The EEOC will investigate the individual’s claim and determine whether it will pursue a lawsuit on their behalf. If the EEOC decides not to litigate the claim, it will issue a Right to Sue letter. An individual is required to file a lawsuit within 90 days of receiving the EEOC’s Right to Sue letter.
Criminal Cases for Sexual Abuse
Criminal Cases for Sexual Abuse
Criminal cases in Indiana, as well as in other states, are filed by the state itself. In order to file a criminal charge, an individual must notify law enforcement of the sexual abuse.
Law enforcement will investigate any claims and a prosecutor may file charges against the offender. If the suspect is found guilty of the criminal offense, they may:
• Be sentenced to significant jail time;
• Be required to pay criminal fines; or
• Be required to participate in sex offender registration.
The statutes of limitations for sexual abuse charges in Indiana will vary depending upon the severity of the offense, including:
• No SOL for violent sexual assaults and sexual assault of a minor by a perpetrator who is at least 21 years old;
• 5 years from the incident for other adult felony sexual offenses;
• By the victim’s 31st birthday, if involving;
◦ Child molestation;
◦ Vicarious sexual gratification with a minor;
◦ Solicitation of a child;
◦ Seduction of a child; or
• For other child sexual abuse charges: within 10 years of the act or within four years of becoming independent from the abuser, whichever is later; and
• 2 years from the offense for misdemeanor cases.
If a felony sexual abuse case involves DNA evidence, criminal charges are required to be filed within one year after a perpetrator could have reasonably been identified.
What Is the Statute of Limitations for Statutory Rape in Indiana
In the State of Indiana, an individual may be convicted of statutory rape by engaging in any type of sexual activity, even consensual, with a child who is under 16 years of age. Statutory rape in the state may also be referred to as:
• Sexual misconduct; or
• Child seduction.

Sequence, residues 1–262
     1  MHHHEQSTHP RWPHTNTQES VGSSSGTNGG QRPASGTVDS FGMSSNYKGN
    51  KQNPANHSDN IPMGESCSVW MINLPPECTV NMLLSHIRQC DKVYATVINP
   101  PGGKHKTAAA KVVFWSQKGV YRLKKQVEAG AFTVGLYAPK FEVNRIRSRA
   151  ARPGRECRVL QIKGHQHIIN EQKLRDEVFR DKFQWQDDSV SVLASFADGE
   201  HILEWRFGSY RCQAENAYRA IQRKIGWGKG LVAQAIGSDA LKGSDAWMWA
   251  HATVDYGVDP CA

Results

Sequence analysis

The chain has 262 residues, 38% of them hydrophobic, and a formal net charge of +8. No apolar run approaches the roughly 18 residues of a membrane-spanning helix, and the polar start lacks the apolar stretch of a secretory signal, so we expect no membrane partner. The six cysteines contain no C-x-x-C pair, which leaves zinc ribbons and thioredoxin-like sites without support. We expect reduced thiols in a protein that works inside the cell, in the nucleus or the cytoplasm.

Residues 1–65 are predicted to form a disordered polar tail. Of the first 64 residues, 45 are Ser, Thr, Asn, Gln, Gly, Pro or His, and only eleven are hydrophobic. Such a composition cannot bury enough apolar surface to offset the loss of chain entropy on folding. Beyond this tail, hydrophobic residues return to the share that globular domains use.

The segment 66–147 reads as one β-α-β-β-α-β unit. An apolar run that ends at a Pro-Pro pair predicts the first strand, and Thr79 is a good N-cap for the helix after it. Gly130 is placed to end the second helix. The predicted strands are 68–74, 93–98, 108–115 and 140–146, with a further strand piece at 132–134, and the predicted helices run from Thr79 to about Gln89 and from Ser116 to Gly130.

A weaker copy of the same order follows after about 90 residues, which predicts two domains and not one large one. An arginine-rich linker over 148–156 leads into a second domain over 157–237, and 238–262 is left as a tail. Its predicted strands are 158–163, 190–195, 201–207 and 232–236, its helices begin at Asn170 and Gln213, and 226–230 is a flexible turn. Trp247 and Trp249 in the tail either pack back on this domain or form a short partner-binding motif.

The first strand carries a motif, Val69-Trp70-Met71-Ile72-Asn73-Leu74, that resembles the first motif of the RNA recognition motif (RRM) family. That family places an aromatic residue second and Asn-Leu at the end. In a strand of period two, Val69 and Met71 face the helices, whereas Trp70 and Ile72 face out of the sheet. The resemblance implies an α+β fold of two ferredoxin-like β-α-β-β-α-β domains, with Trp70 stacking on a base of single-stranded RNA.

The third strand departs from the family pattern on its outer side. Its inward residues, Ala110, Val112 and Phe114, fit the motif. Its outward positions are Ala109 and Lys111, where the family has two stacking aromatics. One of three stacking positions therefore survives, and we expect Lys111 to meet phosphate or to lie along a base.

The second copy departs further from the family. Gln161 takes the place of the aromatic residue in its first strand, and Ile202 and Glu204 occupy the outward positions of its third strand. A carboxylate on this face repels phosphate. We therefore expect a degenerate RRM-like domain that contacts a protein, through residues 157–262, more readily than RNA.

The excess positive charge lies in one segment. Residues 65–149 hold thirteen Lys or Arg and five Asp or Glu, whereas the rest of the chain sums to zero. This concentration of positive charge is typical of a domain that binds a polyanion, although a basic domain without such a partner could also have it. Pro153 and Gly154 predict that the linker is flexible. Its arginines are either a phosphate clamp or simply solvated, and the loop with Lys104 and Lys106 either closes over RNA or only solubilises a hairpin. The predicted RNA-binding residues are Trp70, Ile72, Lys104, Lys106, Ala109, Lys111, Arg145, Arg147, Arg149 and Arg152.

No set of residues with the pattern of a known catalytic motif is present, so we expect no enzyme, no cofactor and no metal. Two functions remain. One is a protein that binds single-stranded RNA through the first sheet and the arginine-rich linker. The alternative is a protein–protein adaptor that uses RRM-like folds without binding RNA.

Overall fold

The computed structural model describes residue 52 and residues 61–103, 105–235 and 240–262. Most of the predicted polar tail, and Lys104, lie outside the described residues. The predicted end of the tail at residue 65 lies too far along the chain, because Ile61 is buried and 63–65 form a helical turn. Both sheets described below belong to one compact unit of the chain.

In addition, engaging in a sexual activity with an individual 16 years of age or older by force or without the other individual’s consent may also result in criminal charges. The statute of limitations on statutory rape in Indiana is 5 years, one of only seven states with a SOL of 5 years or less for rape charges.
Other Compensation for Sex Abuse Victims
In Indiana, the Violent Crime Victim Compensation Fund will pay for a victim of sexual abuse to receive a forensic exam, which is performed to document evidence of abuse. This fund may also pay up to $15,000 for crime-related medical or other expenses.
The individual may be required to reimburse the state if they receive additional compensation through a civil lawsuit. In order to receive compensation, other than for a forensic exam, an individual is required to report the crime to law enforcement within 72 hours as well as apply for benefits within 180 days.
Do I Need a Lawyer?
The short answer is yes. And, we do not say that because it is self-serving. It may be very helpful to have the assistance of an Indiana criminal lawyer for any issues, questions, or concerns you have related to a sexual abuse case. These types of claims can be emotionally challenging.
These claims also involve strict procedural rules as well as detailed legal analyses. Your lawyer can inform you of your rights and guide you through the process.
If you are charged with sexual abuse, your lawyer can defend your rights and represent you in court. A conviction may result in many more consequences than simply incarceration, so it is important to have a lawyer on your case.
Contact The Lockwood Legal Group, LLC today!
If you think you might have a case, it is crucial you contact a qualified attorney right away. We understand litigation is often daunting to those who are not attorneys. but rest assured, we will be here for you all throughout the process. No one fights harder for their clients then attorneys of The Lockwood Legal Group, LLC.